Wednesday, June 20, 2007

Zero Tolerance?

Can "zero tolerance" really go too far? Let's examine that thought... Should a kid be expelled for bringing a plastic knife to school to cut cookies with? It happened. Should a kid be kicked out for bringing a trophy to school that had its bat break off during the day? It happened.
Here's the thing. We can go too far. What if a girl has real bad cramps during her time. Under zero tolerance policy, she either has to suffer all day or one of her parents has to bring the medicine to her. Most school nurses won't dispense medication unless it's prescribed by a doctor. What if a kid gets a headache during the day? We all know how rough kids play and an occasional minor head injury isn't that uncommon. But under the policy of most schools, these kids would all have to suffer or risk sneaking it in and being caught.
I admit I was a sneaker. If I wasn't feeling good, I'd have a couple pills with me. Never anything that'd make a noise, but I'd have a couple with me. And if I needed them, I'd sneak into a bathroom or somewhere where I couldn't be seen. I did what I had to do. Heck, my worst drug was no pill, it was the six-pack of pepsi I drank every day through high school. It was so boring for me that it was the only way I could stay awake. I know my case is a little extreme, but I know I wasn't the only one struggling to stay awake. I saw several kids doze off in class, once or twice snoring so loud the teacher heard. Granted, a lot of the time, its because kids don't sleep enough. But there are many who are just bored out of their minds or don't care.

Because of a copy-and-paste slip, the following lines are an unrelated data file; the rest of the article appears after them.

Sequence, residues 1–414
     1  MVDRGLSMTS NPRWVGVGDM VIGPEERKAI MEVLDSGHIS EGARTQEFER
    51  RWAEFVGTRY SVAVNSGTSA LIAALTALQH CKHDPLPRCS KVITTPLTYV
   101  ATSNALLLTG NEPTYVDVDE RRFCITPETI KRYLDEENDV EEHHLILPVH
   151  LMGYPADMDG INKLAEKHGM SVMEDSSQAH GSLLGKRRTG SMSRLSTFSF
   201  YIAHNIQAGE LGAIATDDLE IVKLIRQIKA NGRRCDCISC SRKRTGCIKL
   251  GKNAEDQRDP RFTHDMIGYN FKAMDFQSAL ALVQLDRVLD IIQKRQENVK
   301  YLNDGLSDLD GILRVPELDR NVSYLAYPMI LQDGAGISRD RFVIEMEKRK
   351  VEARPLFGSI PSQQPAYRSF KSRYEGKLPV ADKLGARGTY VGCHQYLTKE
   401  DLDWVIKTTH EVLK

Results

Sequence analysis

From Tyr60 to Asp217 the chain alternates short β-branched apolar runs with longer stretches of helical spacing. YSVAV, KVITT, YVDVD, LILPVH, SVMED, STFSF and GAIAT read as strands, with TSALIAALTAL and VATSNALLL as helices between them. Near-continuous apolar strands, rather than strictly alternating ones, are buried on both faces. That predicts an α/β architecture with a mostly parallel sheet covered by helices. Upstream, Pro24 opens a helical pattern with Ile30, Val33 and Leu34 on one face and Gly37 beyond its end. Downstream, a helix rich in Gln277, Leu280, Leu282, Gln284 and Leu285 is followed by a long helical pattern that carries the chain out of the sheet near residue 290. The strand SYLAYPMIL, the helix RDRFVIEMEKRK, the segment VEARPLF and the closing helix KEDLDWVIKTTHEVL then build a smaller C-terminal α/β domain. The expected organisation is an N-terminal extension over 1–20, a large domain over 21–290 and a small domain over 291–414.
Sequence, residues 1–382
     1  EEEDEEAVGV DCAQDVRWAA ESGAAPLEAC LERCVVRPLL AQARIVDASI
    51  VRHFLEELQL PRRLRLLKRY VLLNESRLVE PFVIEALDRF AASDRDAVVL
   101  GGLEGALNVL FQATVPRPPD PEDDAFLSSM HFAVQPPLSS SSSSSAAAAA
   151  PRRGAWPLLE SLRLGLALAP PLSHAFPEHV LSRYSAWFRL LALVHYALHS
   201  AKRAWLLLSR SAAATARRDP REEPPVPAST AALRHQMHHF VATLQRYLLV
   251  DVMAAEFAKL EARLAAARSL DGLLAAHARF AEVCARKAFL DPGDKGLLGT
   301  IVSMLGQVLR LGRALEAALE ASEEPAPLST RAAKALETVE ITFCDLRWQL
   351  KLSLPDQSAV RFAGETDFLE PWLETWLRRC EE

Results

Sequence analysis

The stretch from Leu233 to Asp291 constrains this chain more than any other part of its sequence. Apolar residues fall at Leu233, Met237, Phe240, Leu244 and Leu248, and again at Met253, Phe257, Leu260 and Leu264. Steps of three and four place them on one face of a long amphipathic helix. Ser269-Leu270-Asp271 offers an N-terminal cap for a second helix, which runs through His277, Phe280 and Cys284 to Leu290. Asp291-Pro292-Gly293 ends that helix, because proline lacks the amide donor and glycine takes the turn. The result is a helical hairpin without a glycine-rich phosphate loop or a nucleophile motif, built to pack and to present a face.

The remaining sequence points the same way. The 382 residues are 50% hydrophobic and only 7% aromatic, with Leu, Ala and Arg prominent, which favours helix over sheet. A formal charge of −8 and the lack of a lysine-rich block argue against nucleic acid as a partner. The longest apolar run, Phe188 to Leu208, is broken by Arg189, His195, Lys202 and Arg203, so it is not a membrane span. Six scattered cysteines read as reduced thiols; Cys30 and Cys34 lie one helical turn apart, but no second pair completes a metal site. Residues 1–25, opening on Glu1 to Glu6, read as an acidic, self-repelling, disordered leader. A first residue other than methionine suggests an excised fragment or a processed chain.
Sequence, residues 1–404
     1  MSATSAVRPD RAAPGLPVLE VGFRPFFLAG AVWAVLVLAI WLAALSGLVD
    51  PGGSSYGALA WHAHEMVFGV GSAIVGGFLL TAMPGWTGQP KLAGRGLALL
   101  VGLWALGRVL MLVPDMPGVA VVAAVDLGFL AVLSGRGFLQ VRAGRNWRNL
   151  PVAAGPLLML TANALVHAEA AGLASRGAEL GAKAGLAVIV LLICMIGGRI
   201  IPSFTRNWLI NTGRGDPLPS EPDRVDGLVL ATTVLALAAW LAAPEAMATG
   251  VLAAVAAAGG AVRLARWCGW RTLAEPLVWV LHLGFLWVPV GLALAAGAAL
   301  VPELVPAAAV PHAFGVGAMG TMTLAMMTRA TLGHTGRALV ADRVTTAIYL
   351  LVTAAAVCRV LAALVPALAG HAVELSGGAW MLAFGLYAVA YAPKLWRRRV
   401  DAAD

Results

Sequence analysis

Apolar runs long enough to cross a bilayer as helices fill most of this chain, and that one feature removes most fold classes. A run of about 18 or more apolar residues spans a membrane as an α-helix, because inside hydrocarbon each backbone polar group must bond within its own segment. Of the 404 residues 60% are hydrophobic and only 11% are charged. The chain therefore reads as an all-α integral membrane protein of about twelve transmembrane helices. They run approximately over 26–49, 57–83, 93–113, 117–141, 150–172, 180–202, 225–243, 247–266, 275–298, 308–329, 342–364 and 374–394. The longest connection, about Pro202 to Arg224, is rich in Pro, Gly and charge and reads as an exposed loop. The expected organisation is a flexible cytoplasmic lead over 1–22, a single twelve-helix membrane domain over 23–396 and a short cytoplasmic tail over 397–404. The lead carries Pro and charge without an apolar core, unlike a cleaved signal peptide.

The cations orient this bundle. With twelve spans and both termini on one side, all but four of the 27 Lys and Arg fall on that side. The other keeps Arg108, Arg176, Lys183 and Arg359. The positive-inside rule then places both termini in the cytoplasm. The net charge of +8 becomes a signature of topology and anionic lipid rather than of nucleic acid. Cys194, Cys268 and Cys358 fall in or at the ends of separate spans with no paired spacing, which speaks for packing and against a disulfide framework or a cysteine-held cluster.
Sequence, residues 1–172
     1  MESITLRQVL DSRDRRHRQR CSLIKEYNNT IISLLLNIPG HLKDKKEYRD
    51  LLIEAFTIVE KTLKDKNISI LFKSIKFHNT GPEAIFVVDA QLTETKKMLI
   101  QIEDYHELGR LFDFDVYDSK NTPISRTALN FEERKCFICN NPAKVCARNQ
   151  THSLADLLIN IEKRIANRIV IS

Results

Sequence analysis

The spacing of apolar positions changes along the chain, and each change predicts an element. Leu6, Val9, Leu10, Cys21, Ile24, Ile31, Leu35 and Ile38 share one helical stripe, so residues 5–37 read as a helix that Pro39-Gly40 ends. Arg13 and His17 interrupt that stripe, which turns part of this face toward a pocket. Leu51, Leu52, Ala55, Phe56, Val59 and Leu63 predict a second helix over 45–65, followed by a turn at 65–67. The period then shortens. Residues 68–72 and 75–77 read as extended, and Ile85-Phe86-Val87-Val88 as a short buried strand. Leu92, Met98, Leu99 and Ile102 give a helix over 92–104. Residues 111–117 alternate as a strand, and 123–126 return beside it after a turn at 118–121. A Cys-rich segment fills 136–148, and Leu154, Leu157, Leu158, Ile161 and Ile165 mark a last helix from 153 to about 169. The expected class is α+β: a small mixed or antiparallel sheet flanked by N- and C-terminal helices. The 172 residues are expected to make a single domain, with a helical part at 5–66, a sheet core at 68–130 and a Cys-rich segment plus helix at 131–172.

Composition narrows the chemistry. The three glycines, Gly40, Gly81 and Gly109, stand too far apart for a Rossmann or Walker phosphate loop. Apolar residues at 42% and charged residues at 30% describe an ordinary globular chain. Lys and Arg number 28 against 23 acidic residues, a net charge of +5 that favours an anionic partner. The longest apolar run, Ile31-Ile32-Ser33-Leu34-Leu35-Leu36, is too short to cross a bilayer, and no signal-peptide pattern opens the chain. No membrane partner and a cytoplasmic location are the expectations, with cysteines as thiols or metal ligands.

My point is, there needs to be flexibility in the rules to leave room for intent and reason. What if I used one of my sodas as a weapon? You ever shake a soda then slam it on the ground in front of someone? That's a pretty big kaboom usually!! (Lower carbonation products like caffeine-free sodas don't tend to work as well, trust me, they go flat almost the moment you open them.) And that kid with the plastic knife was trying to go by the rules, he could've brought a metal one that his mom surely has in her sink, but instead he brought a plastic one that he and his parent(s) surely felt would pass safety concerns.
So my question is, where do we draw the line between safety and common sense? Where do we say it's time to go and where do we say just don't do it next time or come to the office first and drop it off until you need it? School is a learning experience for these kids who, in a matter of years, will be our next generation of taxpayers, service providers, and politicians, among others. Let's give them the best education that books - and LIFE - can give.

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